Rep. Kevin McCarthy was more measured. He not only condemned the riots but held Trump accountable for them. “Madam Speaker, let me be clear: last week’s violent attack on the Capitol was undemocratic, un-American and criminal. Violence is never a legitimate form of protest. Freedom of speech and assembly under the constitution is rooted in non-violence. Yet the violent mob that descended upon this body was neither peaceful nor democratic. It acted to disrupt Congress’s constitutional responsibility.” He, too, quoted Lincoln:  “A young lawyer named Abraham Lincoln famously said, ‘There is no grievance that is a fit object of redress by mob law.’ Yet for several hours last week, mob law tried to interfere with constitutional law.”

McCarthy added: “The President bears responsibility for Wednesday’s attack on Congress by mob rioters. He should have immediately denounced the mob when he saw what was unfolding.” But he added: “I believe impeaching the President in such a short timeframe would be a mistake.” That line was echoed by Republicans throughout the day.

They maintained their opposition even in the face of stirring rhetoric by Democrats. Rep. Joaquin Castro (D-TX) made the case in bold-faced terms. “Donald Trump is the most dangerous man to ever occupy the Oval Office,” Rep. Castro said. “I want to take you back one week ago today, when people were barging through these doors, breaking the windows — with weapons. Armed. Pipe bombs. Coming here to harm all of you. To harm the Senate. To harm the Speaker.” He asked his fellow lawmakers: “What do you think they would have done if they had gotten in? What do you think they would have done to you? And who do you think sent them here? Thw most dangerous man to ever occupy the Oval Office.”

“If inciting a deadly insurrection is not enough to get a president impeached, then what is?” Mr. Castro asked. “All of us must answer that question today. The Constitution requires us to impeach and remove Donald John Trump.”

But few Republicans seemed swayed — until that afternoon. “Madam Speaker, this is a sad day. But not as sad or disheartening as the violence we witnessed in the Capitol last Wednesday. We are all responsible,” said Rep. Dan Newhouse (R-WA). “We must all do better,” he said.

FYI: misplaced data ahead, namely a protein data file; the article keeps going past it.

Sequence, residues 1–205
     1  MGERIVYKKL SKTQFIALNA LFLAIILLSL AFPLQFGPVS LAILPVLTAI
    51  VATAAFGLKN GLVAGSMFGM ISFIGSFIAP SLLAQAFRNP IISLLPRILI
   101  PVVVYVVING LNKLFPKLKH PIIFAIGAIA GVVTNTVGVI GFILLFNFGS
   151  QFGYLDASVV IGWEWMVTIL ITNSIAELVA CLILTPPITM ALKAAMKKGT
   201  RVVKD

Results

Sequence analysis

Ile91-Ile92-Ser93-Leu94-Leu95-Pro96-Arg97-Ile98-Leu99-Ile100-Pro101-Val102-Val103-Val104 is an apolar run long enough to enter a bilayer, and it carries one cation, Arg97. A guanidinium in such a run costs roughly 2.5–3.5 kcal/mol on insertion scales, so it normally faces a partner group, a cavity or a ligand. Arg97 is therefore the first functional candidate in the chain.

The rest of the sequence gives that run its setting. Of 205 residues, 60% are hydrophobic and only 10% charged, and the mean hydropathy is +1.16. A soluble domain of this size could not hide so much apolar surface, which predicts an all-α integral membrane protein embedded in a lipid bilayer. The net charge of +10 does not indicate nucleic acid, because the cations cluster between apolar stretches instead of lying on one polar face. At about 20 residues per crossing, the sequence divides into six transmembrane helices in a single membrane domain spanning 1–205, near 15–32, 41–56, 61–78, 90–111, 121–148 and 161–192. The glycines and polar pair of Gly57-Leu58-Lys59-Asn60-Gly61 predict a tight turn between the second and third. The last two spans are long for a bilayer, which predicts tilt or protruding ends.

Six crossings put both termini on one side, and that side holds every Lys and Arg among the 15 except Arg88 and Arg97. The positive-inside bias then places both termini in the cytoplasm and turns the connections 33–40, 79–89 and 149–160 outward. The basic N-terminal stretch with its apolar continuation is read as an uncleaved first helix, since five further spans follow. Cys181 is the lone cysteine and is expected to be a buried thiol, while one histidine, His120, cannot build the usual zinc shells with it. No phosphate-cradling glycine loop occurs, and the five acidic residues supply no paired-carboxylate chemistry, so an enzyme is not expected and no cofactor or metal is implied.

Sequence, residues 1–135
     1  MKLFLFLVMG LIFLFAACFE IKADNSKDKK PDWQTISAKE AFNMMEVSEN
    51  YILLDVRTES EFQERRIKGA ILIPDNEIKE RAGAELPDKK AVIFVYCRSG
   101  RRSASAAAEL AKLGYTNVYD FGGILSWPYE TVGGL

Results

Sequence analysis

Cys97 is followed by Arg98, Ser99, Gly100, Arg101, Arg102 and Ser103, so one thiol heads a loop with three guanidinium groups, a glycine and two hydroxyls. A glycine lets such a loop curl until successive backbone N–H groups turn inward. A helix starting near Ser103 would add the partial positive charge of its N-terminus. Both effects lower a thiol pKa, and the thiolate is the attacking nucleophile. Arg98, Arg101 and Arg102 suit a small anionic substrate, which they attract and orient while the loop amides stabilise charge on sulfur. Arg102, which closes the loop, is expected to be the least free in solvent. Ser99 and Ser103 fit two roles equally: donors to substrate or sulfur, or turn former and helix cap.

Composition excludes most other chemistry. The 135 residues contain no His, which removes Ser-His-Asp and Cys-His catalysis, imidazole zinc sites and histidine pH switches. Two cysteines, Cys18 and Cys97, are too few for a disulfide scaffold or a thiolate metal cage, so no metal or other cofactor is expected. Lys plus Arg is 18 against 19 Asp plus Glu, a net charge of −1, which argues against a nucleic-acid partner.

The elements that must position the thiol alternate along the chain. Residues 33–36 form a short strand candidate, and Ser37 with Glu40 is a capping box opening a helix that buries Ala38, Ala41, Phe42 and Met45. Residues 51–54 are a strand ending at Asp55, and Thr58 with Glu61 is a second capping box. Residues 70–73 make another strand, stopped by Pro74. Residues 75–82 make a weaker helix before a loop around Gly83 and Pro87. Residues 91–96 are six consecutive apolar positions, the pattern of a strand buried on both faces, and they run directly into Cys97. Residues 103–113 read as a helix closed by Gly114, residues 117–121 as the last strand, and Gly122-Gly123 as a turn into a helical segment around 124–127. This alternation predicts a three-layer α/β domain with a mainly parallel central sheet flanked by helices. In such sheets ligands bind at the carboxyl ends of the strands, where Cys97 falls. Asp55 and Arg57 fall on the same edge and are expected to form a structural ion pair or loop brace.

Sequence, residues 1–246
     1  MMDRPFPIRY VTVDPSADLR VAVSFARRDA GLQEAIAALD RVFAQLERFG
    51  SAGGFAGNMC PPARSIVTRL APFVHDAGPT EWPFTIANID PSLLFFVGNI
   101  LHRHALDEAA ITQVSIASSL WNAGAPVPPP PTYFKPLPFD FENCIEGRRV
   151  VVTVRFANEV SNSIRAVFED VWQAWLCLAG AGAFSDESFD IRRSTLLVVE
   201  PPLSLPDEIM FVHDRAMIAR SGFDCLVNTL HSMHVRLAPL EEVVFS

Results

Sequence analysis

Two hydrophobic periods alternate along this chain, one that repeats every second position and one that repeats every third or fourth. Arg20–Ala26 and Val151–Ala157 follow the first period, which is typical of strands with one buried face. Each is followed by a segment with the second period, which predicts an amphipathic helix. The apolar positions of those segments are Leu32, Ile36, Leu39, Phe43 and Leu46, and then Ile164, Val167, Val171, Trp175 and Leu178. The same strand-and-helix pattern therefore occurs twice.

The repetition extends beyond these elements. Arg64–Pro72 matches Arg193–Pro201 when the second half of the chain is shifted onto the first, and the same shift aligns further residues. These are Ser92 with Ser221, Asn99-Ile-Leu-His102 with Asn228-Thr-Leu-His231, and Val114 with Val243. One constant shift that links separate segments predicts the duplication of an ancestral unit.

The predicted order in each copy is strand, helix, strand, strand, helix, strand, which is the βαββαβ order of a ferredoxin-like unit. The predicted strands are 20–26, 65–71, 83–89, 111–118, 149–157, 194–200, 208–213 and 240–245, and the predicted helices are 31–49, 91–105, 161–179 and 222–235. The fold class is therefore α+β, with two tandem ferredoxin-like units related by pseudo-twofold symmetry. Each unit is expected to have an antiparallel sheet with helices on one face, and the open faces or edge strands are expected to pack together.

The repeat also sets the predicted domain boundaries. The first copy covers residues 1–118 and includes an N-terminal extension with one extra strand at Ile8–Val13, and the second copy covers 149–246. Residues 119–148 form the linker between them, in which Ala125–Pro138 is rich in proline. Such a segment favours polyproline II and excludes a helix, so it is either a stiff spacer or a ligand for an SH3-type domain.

“These articles of impeachment are flawed,” Newhouse continued. “But I will not use process as an excuse. There is no excuse for President Trump’s actions. The President took an oath to protect the Constitution against all enemies, foreign and domestic. Last week, there was a domestic threat at the door of the Capitol, and he did nothing to stop it. That is why, with a heavy heart and clear resolve, I will vote yes on these articles of impeachment.”

A stunned House burst into applause.

UPDATE (Jan 25, 2021): The House of Representatives delivered the article of impeachment to the Senate roughly an hour ago, in a procession broadcast as a CBS Special Report. Rep. Jamie Raskin read the article aloud on the Senate floor. “In his conduct while President of the United States and in violation of his consitutional oath faithfully to execute the office of President of the United States […] and in violation of his constitutional duty to take care that the laws be faithfully executed, Donald John Trump engaged in high crimes and misdemeanors by incitng violence against the Government of the United States,” Raskin read.

Article I, “Incitement of Insurrection,” formally charges the president with inciting a violent attack on the Capitol on Jan. 6. With this motion, former president Donald Trump becomes the first president in history to be impeached twice. His trial begins next month.

UPDATE (8:40 pm): In an exclusive interview with MSNBC anchor Rachel Maddow, Senate Minority Leader Chuck Schumer says that the trial negotiations are still underway. Asked whether it’s been decided that there will be no witnesses in the trail, Schumer said no. “We have only negotiated the preliminary motions in the trial,” Schumer said. That includes the date, which will be Feb. 8.

In a telling aside, Schumer told Maddow: “I don’t think there’s a need for a whole lot of witnesses. We were all witnesses.” He asked rhetorically: “Who were the witnesses? The entire American people.”

Please watch this space for further updates.